King Lear: Edited by Horace Howard Furness
Horace Howard Furness
Lippincott, 1880 - Aging parents - 503 pages
Presents Shakespeare's tragedy of a foolish and self-indulgent king who learns, late in life and after terrible suffering, the value of self-knowledge.
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Abbott Albany Burgundy called Capell character Child Rowland Coll Collier conj Cordelia Cornwall Cotgrave daughters death Delius Dover Duke Dyce Eccles Edgar edition Edmund emendation ending Enter Exeunt Exit eyes F,Fa father feeling Folio Fool France Gent gives Glou Gloucester Gloucester's Goneril hath heart Huds insanity instances Johns Johnson Kent King Lear Klly Ktly Lear's Leir letter lord madness Malone means mind Moberly nature night omission Oswald passage passion phrase placket play poet poor Pope Pope+ Prose Qa Bodl QqFf Quartos reading refers Regan Rowe says scene Schmidt Lex seems sense Shakespeare Sing sisters speak speech Steev Steevens suppose thee Theob thing thou thought tragedy verb Walker Crit Warb Warburton word Wright
Page 303 - And, to deal plainly, I fear I am not in my perfect mind. Methinks I should know you and know this man; Yet I am doubtful; for I am mainly ignorant What place this is, and all the skill I have Remembers not these garments; nor I know not Where I did lodge last night. Do not laugh at me; For, as I am a man, I think this lady To be my child Cordelia.
Page 269 - tis, to cast one's eyes so low ! The crows and choughs that wing the midway air Show scarce so gross as beetles : half way down Hangs one that gathers samphire, — dreadful trade ! Methinks he seems no bigger than his head : The fishermen, that walk upon the beach, Appear like mice ; and yond...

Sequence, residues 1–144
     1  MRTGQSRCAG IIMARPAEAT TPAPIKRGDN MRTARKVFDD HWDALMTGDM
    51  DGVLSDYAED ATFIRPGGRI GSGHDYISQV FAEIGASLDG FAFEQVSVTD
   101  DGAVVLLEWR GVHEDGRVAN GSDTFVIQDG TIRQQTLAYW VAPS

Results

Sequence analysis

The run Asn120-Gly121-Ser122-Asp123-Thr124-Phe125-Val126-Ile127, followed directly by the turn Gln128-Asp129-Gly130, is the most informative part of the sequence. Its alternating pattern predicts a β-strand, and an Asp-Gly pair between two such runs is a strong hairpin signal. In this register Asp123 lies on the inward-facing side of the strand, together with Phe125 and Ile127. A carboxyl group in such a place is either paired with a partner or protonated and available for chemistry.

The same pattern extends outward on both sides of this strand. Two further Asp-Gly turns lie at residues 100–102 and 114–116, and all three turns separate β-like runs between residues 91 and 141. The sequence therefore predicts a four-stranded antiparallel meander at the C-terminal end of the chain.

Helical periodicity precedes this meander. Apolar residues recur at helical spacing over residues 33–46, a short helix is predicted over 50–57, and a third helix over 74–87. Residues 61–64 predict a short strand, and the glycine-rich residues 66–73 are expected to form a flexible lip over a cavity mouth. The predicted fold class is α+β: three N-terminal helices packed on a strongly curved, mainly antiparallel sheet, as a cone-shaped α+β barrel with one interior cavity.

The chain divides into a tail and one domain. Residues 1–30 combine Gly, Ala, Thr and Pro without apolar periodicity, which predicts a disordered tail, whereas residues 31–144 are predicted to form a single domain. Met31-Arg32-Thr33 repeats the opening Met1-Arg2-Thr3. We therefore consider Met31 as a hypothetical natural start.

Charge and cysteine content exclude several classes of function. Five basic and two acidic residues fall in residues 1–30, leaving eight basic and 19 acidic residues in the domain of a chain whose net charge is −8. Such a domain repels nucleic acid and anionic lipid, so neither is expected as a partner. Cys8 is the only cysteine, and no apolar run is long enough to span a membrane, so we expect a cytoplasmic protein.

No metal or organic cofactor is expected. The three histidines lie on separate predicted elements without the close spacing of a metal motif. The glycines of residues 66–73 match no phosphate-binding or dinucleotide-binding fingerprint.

Page 154 - Such an act, That blurs the grace and blush of modesty; Calls virtue, hypocrite; takes off the rose From the fair forehead of an innocent love, And sets a blister there; makes marriage vows As false as dicers...
Page 184 - Poor naked wretches, wheresoe'er you are, That bide the pelting of this pitiless storm, How shall your houseless heads and unfed sides, Your loop'd and window'd raggedness, defend you From seasons such as these ? O, I have ta'en Too little care of this ! Take physic, pomp ; Expose thyself to feel what wretches feel, That thou mayst shake the superflux to them, And show the heavens more just.
Page 18 - Why have my sisters husbands, if they say, They love you all ? Haply, when I shall wed, That lord whose hand must take my plight shall carry Half my love with him, half my care and duty : Sure, I shall never marry like my sisters, [To love my father all.] Lear.
Page 8 - Tell me, my daughters (Since now we will divest us both of rule, Interest of territory, cares of state), Which of you shall we say doth love us most? That we our largest bounty may extend Where nature doth with merit challenge.
Page 171 - LEAR. Blow, winds, and crack your cheeks! rage! blow! You cataracts and hurricanoes, spout Till you have drench'd our steeples, drown'd the cocks! You sulphurous and thought-executing fires, Vaunt-couriers to oak-cleaving thunderbolts, Singe my white head! And thou, all-shaking thunder, Smite flat the thick rotundity o
Page 339 - Now the brother shall betray the brother to death, and the father the son; and children shall rise up against their parents, and shall cause them to be put to death.